This painting, considered one of the masterpieces of Sargent’s youth can be considered a modern interpretation of Diego Velasquez’s famous oeuvre Las Meninas (1656, Madrid, Prado) that Sargent had faithfully copied in 1879 during his first trip to Spain. Like Las Meninas this, too, is an unconventional portrait. It is rather a “portrayal of atmosphere and suspension, of naturalness and depth in which the four Boit daughters seem to inhabit their own mysterious world in which the observer is an outsider” (A. Gnugnoli). The apparently random arrangement of the figures in the intimate space of the family parlor that seems disproportionately large with respect to the four little girls was studied with attention and precision as were the positions of the lights, shadows and planes. The painting style is fluid, vibrant and elegant and the chromatic virtuosity of the whites creates an almost tactile glow on the parts in shadow.
Sargent met the fascinating, seductive Madame Virginie Gautreau during the autumn or winter of 1882 and immediately wanted to paint her portrait. He worked on the painting during the summer of 1883 at the Gautreau’s summer home in Brittany. When it was finished the splendid painting was shown at the 1884 Salon and became the scandal of the day. In the catalogue it was listed as the Portrait of Madame *** but the public had no doubts as to the identity of the eccentric beauty of the aristocrat whom Sargent had transformed into a stylized, sensual, erotic icon. The unjust denigration of the painting forced the artist to leave Paris and he moved to London. The woman’s body, wrapped in the splendid black satin and velvet gown is rendered with a singular purity and accuracy of line that are almost Renaissance-like. The brilliant flesh tones against the dark background and clarity of the contours invite comparisons with the shapes of Japanese figures. There are many preparatory drawings of this famous painting – ink or watercolor sketches and an unfinished copy in oil – all at the Tate Gallery in London.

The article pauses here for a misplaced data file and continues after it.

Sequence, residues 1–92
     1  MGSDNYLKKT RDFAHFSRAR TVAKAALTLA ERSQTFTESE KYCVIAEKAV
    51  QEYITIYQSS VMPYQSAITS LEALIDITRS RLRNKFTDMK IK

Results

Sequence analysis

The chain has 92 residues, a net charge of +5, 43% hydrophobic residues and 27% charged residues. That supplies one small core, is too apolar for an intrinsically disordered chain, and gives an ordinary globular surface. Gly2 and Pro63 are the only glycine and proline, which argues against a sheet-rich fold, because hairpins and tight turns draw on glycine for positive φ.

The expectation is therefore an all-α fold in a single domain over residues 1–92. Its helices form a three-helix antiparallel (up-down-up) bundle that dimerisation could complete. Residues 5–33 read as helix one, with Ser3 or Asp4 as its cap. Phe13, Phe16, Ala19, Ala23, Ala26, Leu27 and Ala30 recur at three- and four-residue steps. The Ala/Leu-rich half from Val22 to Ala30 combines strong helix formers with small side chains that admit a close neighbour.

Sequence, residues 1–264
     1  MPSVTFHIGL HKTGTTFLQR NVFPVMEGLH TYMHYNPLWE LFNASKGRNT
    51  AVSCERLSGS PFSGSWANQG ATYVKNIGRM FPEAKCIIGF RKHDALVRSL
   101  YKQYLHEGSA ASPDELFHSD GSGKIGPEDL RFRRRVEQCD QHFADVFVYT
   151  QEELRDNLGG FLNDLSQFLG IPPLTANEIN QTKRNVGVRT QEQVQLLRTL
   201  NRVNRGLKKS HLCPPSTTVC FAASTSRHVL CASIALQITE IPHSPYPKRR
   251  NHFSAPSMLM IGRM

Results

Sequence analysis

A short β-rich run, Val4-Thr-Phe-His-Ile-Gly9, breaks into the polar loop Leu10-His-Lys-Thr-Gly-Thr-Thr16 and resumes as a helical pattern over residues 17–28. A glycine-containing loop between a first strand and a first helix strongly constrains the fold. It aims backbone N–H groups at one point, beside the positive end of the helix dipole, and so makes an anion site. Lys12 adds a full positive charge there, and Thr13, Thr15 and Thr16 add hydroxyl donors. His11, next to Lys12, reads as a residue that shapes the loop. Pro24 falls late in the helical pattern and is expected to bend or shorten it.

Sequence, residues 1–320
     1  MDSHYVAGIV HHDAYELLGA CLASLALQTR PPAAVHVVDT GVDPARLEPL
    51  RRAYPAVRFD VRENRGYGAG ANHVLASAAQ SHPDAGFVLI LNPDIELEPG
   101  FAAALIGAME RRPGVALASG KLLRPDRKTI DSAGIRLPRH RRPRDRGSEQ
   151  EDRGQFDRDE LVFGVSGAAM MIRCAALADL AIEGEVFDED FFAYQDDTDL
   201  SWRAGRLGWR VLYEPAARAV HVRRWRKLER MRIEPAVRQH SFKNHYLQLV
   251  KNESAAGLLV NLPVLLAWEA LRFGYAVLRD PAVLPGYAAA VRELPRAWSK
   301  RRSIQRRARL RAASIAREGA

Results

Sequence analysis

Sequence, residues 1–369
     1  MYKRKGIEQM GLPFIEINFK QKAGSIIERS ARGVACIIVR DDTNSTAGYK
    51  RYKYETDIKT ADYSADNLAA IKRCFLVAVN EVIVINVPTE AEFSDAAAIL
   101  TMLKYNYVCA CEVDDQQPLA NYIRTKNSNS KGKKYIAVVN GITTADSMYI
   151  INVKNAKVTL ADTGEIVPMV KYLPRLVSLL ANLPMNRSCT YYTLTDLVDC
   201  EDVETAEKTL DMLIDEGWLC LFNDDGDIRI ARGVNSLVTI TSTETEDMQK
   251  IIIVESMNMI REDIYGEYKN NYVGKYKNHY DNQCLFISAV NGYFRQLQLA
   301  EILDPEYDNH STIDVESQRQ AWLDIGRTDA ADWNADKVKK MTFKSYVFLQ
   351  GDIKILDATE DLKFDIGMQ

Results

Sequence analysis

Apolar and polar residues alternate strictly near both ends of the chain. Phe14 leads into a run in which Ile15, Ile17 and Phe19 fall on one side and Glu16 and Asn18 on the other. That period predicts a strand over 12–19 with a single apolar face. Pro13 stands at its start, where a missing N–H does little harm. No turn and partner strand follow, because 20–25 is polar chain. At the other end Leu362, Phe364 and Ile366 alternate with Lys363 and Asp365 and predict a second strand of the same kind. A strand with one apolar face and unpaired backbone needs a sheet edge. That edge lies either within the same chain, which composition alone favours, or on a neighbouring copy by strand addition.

The Breakfast Table
It was when Sargent painted interiors that he revealed the Impressionist “lesson”, using an immediate, improvised, almost sparkling style in his rendering of elegant and delightfully observed domestic details. The Breakfast Table, that portrays his sister Violet reading and peeling a fruit, the natural pose, the view from below and the tactile luminosity of the objects, seems more like a snapshot. The prevailing whites and pinks “illuminate” the canvas with a glow that highlights the objects rather than the portrait of his sister who seems barely sketched in. The main subjects of the painting are the roses in the vase, the white tablecloth, the silverware on the table and sideboard, the white porcelain and the chandelier. The female figure is merely a dark note against the darkness coming from the half-open door. This painting makes it easy to understand the words of Henry James concerning Sargent’s work: “the magic, mysterious spectacle of a genius who is on the threshold of his career and has nothing more to learn.”
Carnation, Lily, Lily, Rose
During his first stay in England, where he was introduced by Henry James in 1884, Sargent spent two seasons in the small colony of Anglo-American artists at Broadway on the Thames. There he experimented with en plein air painting, stimulated by the floral idyll of the English countryside. It had inspired the Pre-Raphaelite painters who, in their works, portrayed the poetry of delicate girls surrounded by nature in bloom. The esthetic of this work, done entirely outdoors, strongly feels the influence of this narrative and realistic English culture as opposed to French Impressionism. The two little girls, Polly and Dolly, daughters of the artist’s friends are trying to light paper lanterns in an atmosphere of ambiguous light, between the evanescent and pinkish twilight and the artificial glow of the lamps. Their pure, delicate beauty and their virginal, white dresses blend harmoniously with the flowers – carnations, lilies and roses – that surround them. Exhibited at the Royal Academy in 1887 the painting marked the relaunch of Sargent’s career as a portraitist in a cosmopolitan dimension in a place as difficult as England that was traditionally hostile to foreign influence.
Mr. and Mrs. Robert Louis Stevenson
This beautiful and eccentric portrait of the writer Robert Louis Stevenson (1850-1894) and his wife dates from Sargent’s stay in England. Painted in the Stevenson home at Skerryvore (Bournemouth) during the summer of 1885, this double portrait is bizarre and not at all conventional. The thin writer, with an amused look is in the middle of the canvas. He is not in a static pose: he is nervously crossing his drawing room while his wife, wrapped in an oriental-style shawl is seated on the right and is barely visible. There are only hints of the domestic setting: a Turkish rug on the floor, the door is partly open and we can see the entrance and stairs leading to the floor above. The dark, bare walls behind Stevenson emphasize the light from his face and bony, expressive hands. The author, whose works include the successful novel The Strange Case of Dr. Jekyll and Mr. Hyde (1886), was, with Henry James a great admirer of Sargent’s paintings, especially the eccentric and witty aspects of his inspiration.